Is Pakistan America's scapegoat?


ISLAMABAD, Pakistan — “Failure is hard to admit so you look around for a scapegoat,” said the distinguished and soft-spoken gentleman from Inter–Services Intelligence, or ISI, Pakistan’s version of the CIA.

For nine years, he said, the United States and its NATO allies — the entire Western World — has failed to bring stability and prosperity to Afghanistan, the ruined, war-ridden country they invaded. So they looked around and said it’s all the fault of “those people over there,” the Pakistanis.

The background noise was the thunder out of Brussels, where Pakistan was being taken to the woodshed by the above mentioned Western World at a meeting of the “Friends of Democratic Pakistan.”

Pakistan’s foreign minister, Mahmood Shah Qureshi, was being chastised by Secretary of State Hillary Clinton, who demanded that Pakistan “mobilize its own resources” rather than depend on western taxpayers. A member of the European parliament, Ana Gomes of Portugal, is being quoted in the Pakistani press as saying it was “those who control the military structure, namely the military intelligence,” who were the reason “we see so many problems.”

Meanwhile, Secretary of Defense Robert Gates repeated America’s demand that Pakistan clean out North Waziristan, especially the Haqqani network based there in a sanctuary safe from American troops.

“It’s true there are safe havens,” said my host as we shared some spicy soup, “porous borders, tribal territories” where the government’s writ runs thin, thanks to an old British arrangement with the tribes whom the British never really controlled — a situation which Pakistan inherited upon the birth of the nation.

“But that’s not the whole story. It’s maybe 10 to 15 percent of the story,” he said.

The elephant in the room, of course, was the American claim, which Pakistan denies, that the ISI is secretly still helping the anti-American Taliban as a hedge against the day when America leaves and Indian influence grows in Afghanistan.

When I pointed to the elephant, my host averted his eyes but said: “I am not saying we are totally innocent,” but why put all the blame on the Haqqani group? There are a plethora of other Taliban elements, some who took advantage of the porous border, but others who never leave Afghanistan, he said.

“The Americans were always badgering Pakistan to go after North Waziristan,” my host said, “but that is less of a priority for us because we are still working on South Waziristan.”

Pakistan’s military resources were stretched thin, helicopters were still needed for flood relief.

“When we have settled matters in South Waziristan, when people have returned to their homes, when that is done we can go after the north,” he said.

There were some 30,000 Pakistani troops in North Waziristan, he said, but they are there to keep supply routes open and not to engage in fighting. It wouldn’t be wise to “ignite the entire area,” because Pakistan did not “have the capacity” to cope with the entire northwest frontier in flames.

Pakistan was well aware of the dangers faced by both Afghanistan and Pakistan, and by extension the Western World, by extremism. It was a question of timing, he said, not lack of will. But war had its own sense of time.

The trouble with the Americans was that every problem was treated as a nail, and the only tool was a hammer, he said. Afghanistan, traditionally, had a weak center and a strong periphery. But the West had imposed an artificially strong central government, with constitutional powers, that was unnatural to the way Afghans had always done business.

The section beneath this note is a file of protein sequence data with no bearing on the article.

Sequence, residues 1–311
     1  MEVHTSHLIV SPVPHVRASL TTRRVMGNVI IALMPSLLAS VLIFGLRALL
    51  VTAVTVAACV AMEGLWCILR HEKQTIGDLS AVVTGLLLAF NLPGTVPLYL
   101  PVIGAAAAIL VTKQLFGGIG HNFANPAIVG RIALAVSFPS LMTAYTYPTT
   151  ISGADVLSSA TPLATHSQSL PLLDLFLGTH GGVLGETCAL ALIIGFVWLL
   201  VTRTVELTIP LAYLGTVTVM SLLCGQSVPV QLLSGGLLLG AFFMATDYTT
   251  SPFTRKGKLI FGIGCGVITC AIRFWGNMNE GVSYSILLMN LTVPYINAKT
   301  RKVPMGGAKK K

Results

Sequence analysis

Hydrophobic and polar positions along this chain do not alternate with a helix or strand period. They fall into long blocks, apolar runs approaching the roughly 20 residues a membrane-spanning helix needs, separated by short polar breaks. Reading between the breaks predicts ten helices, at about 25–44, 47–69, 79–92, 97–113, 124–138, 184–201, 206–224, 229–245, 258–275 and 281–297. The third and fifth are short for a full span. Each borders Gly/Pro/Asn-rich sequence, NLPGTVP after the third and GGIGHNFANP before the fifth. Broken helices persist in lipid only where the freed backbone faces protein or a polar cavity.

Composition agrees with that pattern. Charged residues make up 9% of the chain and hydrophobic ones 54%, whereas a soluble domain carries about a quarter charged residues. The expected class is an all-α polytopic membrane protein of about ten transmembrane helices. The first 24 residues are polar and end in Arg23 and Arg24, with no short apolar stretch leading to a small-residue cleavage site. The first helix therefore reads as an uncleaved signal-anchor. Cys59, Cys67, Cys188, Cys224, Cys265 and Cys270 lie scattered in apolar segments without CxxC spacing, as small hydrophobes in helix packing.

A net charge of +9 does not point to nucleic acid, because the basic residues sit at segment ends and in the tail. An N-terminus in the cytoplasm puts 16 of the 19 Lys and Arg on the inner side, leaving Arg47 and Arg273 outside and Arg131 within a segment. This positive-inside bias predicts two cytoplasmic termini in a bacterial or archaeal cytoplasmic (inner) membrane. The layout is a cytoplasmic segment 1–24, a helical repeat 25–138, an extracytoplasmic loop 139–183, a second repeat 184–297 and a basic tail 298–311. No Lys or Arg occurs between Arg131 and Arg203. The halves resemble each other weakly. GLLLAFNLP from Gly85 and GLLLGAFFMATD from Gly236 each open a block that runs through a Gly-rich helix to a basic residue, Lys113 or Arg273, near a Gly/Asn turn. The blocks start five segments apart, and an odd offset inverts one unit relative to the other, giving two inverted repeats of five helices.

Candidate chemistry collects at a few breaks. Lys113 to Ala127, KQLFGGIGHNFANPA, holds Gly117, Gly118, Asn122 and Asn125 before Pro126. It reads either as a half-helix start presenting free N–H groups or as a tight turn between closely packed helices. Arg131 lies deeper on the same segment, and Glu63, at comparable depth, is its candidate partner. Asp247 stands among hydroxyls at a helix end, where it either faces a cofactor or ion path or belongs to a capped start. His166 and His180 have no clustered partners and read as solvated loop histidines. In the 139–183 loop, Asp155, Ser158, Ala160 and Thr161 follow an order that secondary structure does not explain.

It wasn’t working and it probably never would, he said.

In addition, the Pashtuns, nearly half the Afghan population, felt left out. A Tajik minority ran Kabul and the army was dominated by Tajiks and Uzbeks — “the traditional enemies of the Pashtuns.”

What the United States had basically done was intervene in an Afghan civil war and replaced the Pashtuns in Kabul with Tajiks and Uzbeks of the Northern Alliance. The Pashtuns felt under-represented in both the army and the government, and were drawn to the Taliban who stood up for them.

He didn’t need to mention that there were more Pashtuns on his side of the border than in Afghanistan, and that Pakistan was still suffering the effects of 3 million Afghans having sought refuge here for 30 years. A stirred up, radicalized Pashtun population was just as much a Pakistani problem as it was an Afghan or American problem.

The traditional hospitality code of the Pashtuns demands that guests not be turned away or turned over to the authorities, even if they were wanted men. This iron principal thwarted the British when they were trying to control the region, thwarted the Saudis and the Pakistanis when they were trying to get Mullah Omar to disgorge Al Qaeda, and will hinder efforts to separate the Taliban from groups Americans don’t like.

My host thought that the American hammer was not the only way to deal with the problem. He complained that when Pakistan tried to negotiate and make deals with militants it was roundly criticized in the West. Now the West and Afghanistan is trying to make its own deals with the Taliban.

My host did not need to say that a solution for Afghanistan will only work if Pakistan is involved and satisfied that its own interests aren’t being put at risk.

But what really needed to be done for the Pashtuns is to “give them an alternative way of life,” he said. The frontier areas where the Pashtuns live is the poorest of the poor. “They need roads, water education,” he said.

Unemployment is so rife that young men take a job with the Taliban the way young men in America might take a job at the post office — steady work in a recession. An alternative way of life for the Pashtuns would “drain away” the power of the mullahs, he said, who were leading their flocks astray.

It’s better than bombs.